Cardinal Franciszek Macharski, Dead at 89, Was Bred to Heroism

Published August 2, 2016


On January 28, 1979, Franciszek Macharski took up one of the most difficult assignments given any Catholic bishop in the twentieth century: succeeding Karol Wojtyła, who had been elected pope three months before, as archbishop of Kraków.

There were some raised eyebrows at the time: how could this tall, thin, reticent seminary rector successfully fill the shoes of the larger-than-life Wojtyła, a perfect “match” with his archdiocese and the most beloved man in Poland’s cultural and spiritual capital?

In the event, Macharski more than fulfilled John Paul II’s expectations that he was the man for Kraków at that moment in the history of the archdiocese. And he did it by remaining himself, not by trying to out-shine his predecessor, who was, literally, a legend in his own time.

When I first met Cardinal Macharski in June 1991, he told me that it had long been the tradition that the Cracovian bishop was the defensor civitatis – the ultimate defender of the city, its citizens, and their rights – in a line of episcopal heroism that ran back to the eleventh century and the martyrdom of St. Stanisław by King Bolesław the Bold.

In the twentieth century, that role had been brilliantly played by Cardinal Adam Stefan Sapieha, the Polish-Lithuanian prince-archbishop who defied Nazi gangster Hans Frank during the German Occupation of 1939-45, and by Wojtyła, whose war with Poland’s communists reached what then seemed its triumphant apogee in 1977, when Wojtyła consecrated the Ark Church in Nowa Huta, the new town on the outskirts of Kraków deliberately planned as a godless incubator of New Soviet Man.

As defensor civitatis, Macharshi’s own time of testing would not be long in coming.

He may have looked the gangly, scholarly introvert, but Franciszek Macharski was, in a sense, bred to heroism. The son of a prosperous merchant family that lived over its store on Kraków Main Market Square, the twelve-year boy heard his father in urgent conversation over the phone with then-Archbishop Sapieha on September 1, 1939, as the Wehrmacht and the Luftwaffe began to grind Poland into the dust.

That grim morning, the elder Macharski called the archbishop and asked, “What will you do?” “I stay!” Sapieha replied, firmly. “We stay, too,” Mr. Macharski told his youngest child, Franek, and the rest of the family. In staying, they lost their business and their home. But they remained true to themselves, and to their Catholic and patriotic convictions.

After manual labor during the Occupation, Franciszek Macharski entered the Kraków seminary and was ordained to the priesthood by Cardinal Sapieha in 1950. After several parish assignments he was sent for higher studies to Fribourg, where he earned the doctorate in 1960 before returning to Kraków to teach, eventually becoming rector of the seminary he had attended.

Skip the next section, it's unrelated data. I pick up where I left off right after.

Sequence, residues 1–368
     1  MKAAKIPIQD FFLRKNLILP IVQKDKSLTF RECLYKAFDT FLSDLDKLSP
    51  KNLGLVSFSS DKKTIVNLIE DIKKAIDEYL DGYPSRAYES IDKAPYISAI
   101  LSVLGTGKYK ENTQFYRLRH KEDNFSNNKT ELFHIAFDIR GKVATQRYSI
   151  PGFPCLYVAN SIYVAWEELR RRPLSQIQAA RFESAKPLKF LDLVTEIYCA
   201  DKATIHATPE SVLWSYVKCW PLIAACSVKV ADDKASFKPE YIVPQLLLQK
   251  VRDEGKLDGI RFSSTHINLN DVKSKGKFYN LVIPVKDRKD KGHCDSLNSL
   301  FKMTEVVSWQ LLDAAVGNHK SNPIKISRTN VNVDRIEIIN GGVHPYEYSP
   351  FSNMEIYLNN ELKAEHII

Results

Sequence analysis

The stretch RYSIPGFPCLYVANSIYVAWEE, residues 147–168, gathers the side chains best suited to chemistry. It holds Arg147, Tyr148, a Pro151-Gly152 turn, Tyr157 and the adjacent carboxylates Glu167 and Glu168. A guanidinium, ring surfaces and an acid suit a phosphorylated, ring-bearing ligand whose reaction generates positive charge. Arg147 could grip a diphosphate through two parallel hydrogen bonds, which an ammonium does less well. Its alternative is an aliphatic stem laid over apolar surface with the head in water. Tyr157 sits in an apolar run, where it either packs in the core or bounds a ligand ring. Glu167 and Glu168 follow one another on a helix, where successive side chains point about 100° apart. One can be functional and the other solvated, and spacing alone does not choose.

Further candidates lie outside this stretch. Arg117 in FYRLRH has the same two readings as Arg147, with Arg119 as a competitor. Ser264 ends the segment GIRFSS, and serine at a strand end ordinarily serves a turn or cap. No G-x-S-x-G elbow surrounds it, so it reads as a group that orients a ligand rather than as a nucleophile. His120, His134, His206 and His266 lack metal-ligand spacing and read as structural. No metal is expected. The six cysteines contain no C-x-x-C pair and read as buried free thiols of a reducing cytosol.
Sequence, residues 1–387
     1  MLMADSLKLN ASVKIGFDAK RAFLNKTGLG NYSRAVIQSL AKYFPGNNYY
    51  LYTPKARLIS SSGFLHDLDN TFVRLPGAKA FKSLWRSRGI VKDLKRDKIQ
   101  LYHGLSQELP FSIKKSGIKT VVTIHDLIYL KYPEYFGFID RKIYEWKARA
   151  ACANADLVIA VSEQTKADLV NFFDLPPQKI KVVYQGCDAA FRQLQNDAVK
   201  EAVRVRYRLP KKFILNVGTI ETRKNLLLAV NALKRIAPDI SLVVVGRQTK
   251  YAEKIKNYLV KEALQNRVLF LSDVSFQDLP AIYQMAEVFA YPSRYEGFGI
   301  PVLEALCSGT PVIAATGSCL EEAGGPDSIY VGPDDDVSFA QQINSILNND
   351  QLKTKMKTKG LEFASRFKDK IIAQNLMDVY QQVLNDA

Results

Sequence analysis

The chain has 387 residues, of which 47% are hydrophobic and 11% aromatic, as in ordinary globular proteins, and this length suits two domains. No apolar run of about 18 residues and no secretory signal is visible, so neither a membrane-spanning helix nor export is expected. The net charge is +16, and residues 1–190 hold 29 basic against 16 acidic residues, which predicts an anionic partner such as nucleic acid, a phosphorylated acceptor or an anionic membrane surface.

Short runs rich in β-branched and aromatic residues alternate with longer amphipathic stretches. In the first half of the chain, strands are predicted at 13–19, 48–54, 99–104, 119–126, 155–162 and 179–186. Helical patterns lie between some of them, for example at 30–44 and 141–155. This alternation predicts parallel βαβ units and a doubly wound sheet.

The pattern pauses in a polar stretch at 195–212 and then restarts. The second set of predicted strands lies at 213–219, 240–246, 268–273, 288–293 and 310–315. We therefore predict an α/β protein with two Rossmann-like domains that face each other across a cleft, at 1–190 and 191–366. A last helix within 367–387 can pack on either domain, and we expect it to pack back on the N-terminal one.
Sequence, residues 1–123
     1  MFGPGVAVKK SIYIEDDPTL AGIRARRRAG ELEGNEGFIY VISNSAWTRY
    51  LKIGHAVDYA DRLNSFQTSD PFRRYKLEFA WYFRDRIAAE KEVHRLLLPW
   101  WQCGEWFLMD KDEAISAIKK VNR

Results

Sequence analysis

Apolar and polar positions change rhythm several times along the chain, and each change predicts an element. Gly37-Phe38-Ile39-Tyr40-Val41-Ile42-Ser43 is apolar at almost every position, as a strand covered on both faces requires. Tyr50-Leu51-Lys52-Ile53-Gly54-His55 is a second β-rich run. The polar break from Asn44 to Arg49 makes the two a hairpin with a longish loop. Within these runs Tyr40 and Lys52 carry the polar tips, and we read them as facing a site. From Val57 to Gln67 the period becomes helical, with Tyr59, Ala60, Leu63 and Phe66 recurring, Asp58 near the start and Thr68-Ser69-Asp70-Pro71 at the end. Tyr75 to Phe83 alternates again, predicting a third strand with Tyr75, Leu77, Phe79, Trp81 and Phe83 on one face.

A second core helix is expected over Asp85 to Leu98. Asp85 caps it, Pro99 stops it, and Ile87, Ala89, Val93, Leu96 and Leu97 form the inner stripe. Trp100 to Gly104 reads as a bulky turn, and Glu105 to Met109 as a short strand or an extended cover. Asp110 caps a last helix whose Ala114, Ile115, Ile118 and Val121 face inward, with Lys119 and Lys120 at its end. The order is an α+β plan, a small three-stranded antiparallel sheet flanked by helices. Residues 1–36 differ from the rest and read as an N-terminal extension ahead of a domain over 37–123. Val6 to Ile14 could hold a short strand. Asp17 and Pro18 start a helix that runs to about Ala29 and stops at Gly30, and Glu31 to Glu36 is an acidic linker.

Macharski was very much in the background of John Paul II’s epic Nine Days in June 1979, when the Polish pope returned to his homeland and bent the course of history in a new direction. But when the long arm of Soviet power reached out to try and strike down John Paul on May 13, 1981, it was Macharski who, in effect, led the nation in prayer that John Paul’s life be spared, at a colossal “white Mass” in the Main Market Square that drew half a million people.

Then, after martial law was imposed on Poland on the night of Decembe 12-13, 1981, Franciszek Macharski became the defensor civitatis in full.

He relentlessly badgered the regime of General Wojciech Jaruzelski to lift martial law, to restore a measure of normality to Polish public life, and to see in the banned Solidarity movement an opportunity for national self-renewal. He protested the arrests of local Solidarity leaders and organized material aid for their families. He met with the imprisoned Solidarity leadership and took clandestine messages from them to John Paul II – and vice versa.

In doing all of that, and more, he lived the tradition of the defensor civitatis in a modest, self-effacing way that taught Cracovians something they may not have expected to learn in 1979: that they could love and esteem an archbishop who was quiet but unflinchingly steadfast, as they had loved and esteemed the princely Adam Stefan Sapieha and the dynamic Karol Wojtyła. Courage, Kraków learned from Franciszek Macharski, can be lived in many ways.

After his retirement in 2005, Cardinal Macharski lived with the Albertine Sisters in the convent whose chapel displays St. Albert Chmielowski’s famous Ecce Homo painting. When he died on August 2, he was a beloved father-figure: welcomed into the Kingdom, Cracovians imagined, by the saint who had summoned him to be the city’s great defender in a hard hour.

George Weigel is Distinguished Senior Fellow of Washington’s Ethics and Public Policy Center, where he holds the William E. Simon Chair in Catholic Studies. His most recent book is City of Saints: A Pilgrimage to John Paul II’s Kraków

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